In 2016, Snapchat had been around for 5 years, but Instagram got into their space by adding Stories to their platform with filters, stickers, and text overlay, and just last year Snapchat’s parent company, Facebook, also rolled out its own Stories and the option to crosspost between platforms.

Does Snapchat make sense for your brand?

Here are some numbers. Snapchat is especially popular with Generation Z. 79% of US teens have a Snapchat account and rate Snapchat above other platforms. On the other hand, only 2% of Baby Boomers use Snapchat.

If your brand bathes in the fountain of youth, Snapchat is a place to be. If Boomer dollars are your target, there’s no point in using the network.

One suggestion to stay in touch is to follow the posts about specific networks on the big social media sites – for example focus on posts about using Snapchat at blog.hootsuite.com/topic/snapchat/

The Right Social Networks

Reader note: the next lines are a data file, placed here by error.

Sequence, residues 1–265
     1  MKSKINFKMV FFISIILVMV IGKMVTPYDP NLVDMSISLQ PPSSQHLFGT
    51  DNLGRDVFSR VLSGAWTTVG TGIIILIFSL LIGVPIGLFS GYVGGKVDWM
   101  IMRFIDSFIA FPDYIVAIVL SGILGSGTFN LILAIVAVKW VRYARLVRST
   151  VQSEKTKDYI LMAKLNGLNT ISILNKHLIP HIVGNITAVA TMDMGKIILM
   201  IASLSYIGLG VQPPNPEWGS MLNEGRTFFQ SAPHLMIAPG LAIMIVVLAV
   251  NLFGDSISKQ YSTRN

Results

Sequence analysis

It is clear nowadays that there is not one recommendation you can make about social media for all businesses.

Though Facebook launched in 2006, it was a niche for at least a year until it was opened to everyone in late 2007. At that time, it had 100,000 business pages (pages which allowed companies to promote themselves and attract customers).

At that time, clients would ask me “Shouldn’t we have a Facebook page?” though they weren’t sure why they needed one but it seemed to be the “thing to do.”

Today, every business probably needs a social media presence, but the question to ask is which networks do they need.

Caroline Gillan at Launch as Digital Content Specialist did this video on that question.

The 7 biggest networks have been relatively the same for the past few years.

  1. Facebook still has the widest penetration of any social network in the U.S. 68% of U.S. adults are on Facebook.